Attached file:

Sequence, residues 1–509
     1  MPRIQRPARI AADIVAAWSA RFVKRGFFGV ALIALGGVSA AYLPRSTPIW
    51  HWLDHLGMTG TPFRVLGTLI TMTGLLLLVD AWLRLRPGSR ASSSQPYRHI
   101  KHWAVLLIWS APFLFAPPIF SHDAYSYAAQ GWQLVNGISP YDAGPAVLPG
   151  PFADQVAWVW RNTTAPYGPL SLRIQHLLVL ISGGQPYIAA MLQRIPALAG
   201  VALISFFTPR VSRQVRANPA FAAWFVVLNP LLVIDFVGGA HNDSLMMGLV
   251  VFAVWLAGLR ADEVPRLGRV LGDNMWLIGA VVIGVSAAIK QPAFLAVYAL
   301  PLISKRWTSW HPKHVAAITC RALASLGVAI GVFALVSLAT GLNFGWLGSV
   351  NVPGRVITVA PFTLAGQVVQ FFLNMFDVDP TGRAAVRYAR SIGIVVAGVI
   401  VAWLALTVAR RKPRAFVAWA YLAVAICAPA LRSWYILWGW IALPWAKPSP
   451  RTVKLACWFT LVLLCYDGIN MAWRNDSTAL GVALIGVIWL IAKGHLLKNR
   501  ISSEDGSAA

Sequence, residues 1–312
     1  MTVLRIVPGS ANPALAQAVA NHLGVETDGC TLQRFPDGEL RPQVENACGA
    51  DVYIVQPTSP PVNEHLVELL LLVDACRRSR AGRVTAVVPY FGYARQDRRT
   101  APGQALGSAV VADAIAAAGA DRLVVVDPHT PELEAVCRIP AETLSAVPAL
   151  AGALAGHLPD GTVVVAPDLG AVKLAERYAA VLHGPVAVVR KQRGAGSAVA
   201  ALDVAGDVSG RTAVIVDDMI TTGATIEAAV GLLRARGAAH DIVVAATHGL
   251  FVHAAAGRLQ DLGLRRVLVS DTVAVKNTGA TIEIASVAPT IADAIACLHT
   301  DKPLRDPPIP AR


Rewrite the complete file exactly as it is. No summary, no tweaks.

Sequence, residues 1–509
     1  MPRIQRPARI AADIVAAWSA RFVKRGFFGV ALIALGGVSA AYLPRSTPIW
    51  HWLDHLGMTG TPFRVLGTLI TMTGLLLLVD AWLRLRPGSR ASSSQPYRHI
   101  KHWAVLLIWS APFLFAPPIF SHDAYSYAAQ GWQLVNGISP YDAGPAVLPG
   151  PFADQVAWVW RNTTAPYGPL SLRIQHLLVL ISGGQPYIAA MLQRIPALAG
   201  VALISFFTPR VSRQVRANPA FAAWFVVLNP LLVIDFVGGA HNDSLMMGLV
   251  VFAVWLAGLR ADEVPRLGRV LGDNMWLIGA VVIGVSAAIK QPAFLAVYAL
   301  PLISKRWTSW HPKHVAAITC RALASLGVAI GVFALVSLAT GLNFGWLGSV
   351  NVPGRVITVA PFTLAGQVVQ FFLNMFDVDP TGRAAVRYAR SIGIVVAGVI
   401  VAWLALTVAR RKPRAFVAWA YLAVAICAPA LRSWYILWGW IALPWAKPSP
   451  RTVKLACWFT LVLLCYDGIN MAWRNDSTAL GVALIGVIWL IAKGHLLKNR
   501  ISSEDGSAA

Sequence, residues 1–312
     1  MTVLRIVPGS ANPALAQAVA NHLGVETDGC TLQRFPDGEL RPQVENACGA
    51  DVYIVQPTSP PVNEHLVELL LLVDACRRSR AGRVTAVVPY FGYARQDRRT
   101  APGQALGSAV VADAIAAAGA DRLVVVDPHT PELEAVCRIP AETLSAVPAL
   151  AGALAGHLPD GTVVVAPDLG AVKLAERYAA VLHGPVAVVR KQRGAGSAVA
   201  ALDVAGDVSG RTAVIVDDMI TTGATIEAAV GLLRARGAAH DIVVAATHGL
   251  FVHAAAGRLQ DLGLRRVLVS DTVAVKNTGA TIEIASVAPT IADAIACLHT
   301  DKPLRDPPIP AR